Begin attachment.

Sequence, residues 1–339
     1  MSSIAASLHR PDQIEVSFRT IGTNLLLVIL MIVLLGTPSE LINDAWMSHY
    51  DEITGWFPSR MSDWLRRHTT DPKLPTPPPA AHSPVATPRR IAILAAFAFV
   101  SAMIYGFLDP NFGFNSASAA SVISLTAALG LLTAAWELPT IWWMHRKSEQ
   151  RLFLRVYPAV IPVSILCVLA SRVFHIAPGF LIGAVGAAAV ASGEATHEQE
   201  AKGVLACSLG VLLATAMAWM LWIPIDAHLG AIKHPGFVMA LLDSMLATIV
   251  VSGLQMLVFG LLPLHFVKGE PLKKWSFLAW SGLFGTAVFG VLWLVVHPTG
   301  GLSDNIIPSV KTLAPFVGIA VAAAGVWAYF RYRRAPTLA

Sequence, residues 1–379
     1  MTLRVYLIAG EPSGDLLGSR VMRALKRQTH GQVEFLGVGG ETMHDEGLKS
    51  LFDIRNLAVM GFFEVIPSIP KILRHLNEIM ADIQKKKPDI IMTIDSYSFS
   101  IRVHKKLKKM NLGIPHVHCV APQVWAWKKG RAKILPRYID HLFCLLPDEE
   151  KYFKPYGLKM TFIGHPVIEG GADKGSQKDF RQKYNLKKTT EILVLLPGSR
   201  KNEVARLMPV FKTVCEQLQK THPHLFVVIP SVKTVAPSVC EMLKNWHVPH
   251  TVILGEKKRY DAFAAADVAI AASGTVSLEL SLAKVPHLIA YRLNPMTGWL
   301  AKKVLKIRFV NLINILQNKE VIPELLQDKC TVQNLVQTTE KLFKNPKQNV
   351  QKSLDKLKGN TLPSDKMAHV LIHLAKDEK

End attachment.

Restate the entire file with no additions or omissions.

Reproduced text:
Sequence, residues 1–339
     1  MSSIAASLHR PDQIEVSFRT IGTNLLLVIL MIVLLGTPSE LINDAWMSHY
    51  DEITGWFPSR MSDWLRRHTT DPKLPTPPPA AHSPVATPRR IAILAAFAFV
   101  SAMIYGFLDP NFGFNSASAA SVISLTAALG LLTAAWELPT IWWMHRKSEQ
   151  RLFLRVYPAV IPVSILCVLA SRVFHIAPGF LIGAVGAAAV ASGEATHEQE
   201  AKGVLACSLG VLLATAMAWM LWIPIDAHLG AIKHPGFVMA LLDSMLATIV
   251  VSGLQMLVFG LLPLHFVKGE PLKKWSFLAW SGLFGTAVFG VLWLVVHPTG
   301  GLSDNIIPSV KTLAPFVGIA VAAAGVWAYF RYRRAPTLA

Sequence, residues 1–379
     1  MTLRVYLIAG EPSGDLLGSR VMRALKRQTH GQVEFLGVGG ETMHDEGLKS
    51  LFDIRNLAVM GFFEVIPSIP KILRHLNEIM ADIQKKKPDI IMTIDSYSFS
   101  IRVHKKLKKM NLGIPHVHCV APQVWAWKKG RAKILPRYID HLFCLLPDEE
   151  KYFKPYGLKM TFIGHPVIEG GADKGSQKDF RQKYNLKKTT EILVLLPGSR
   201  KNEVARLMPV FKTVCEQLQK THPHLFVVIP SVKTVAPSVC EMLKNWHVPH
   251  TVILGEKKRY DAFAAADVAI AASGTVSLEL SLAKVPHLIA YRLNPMTGWL
   301  AKKVLKIRFV NLINILQNKE VIPELLQDKC TVQNLVQTTE KLFKNPKQNV
   351  QKSLDKLKGN TLPSDKMAHV LIHLAKDEK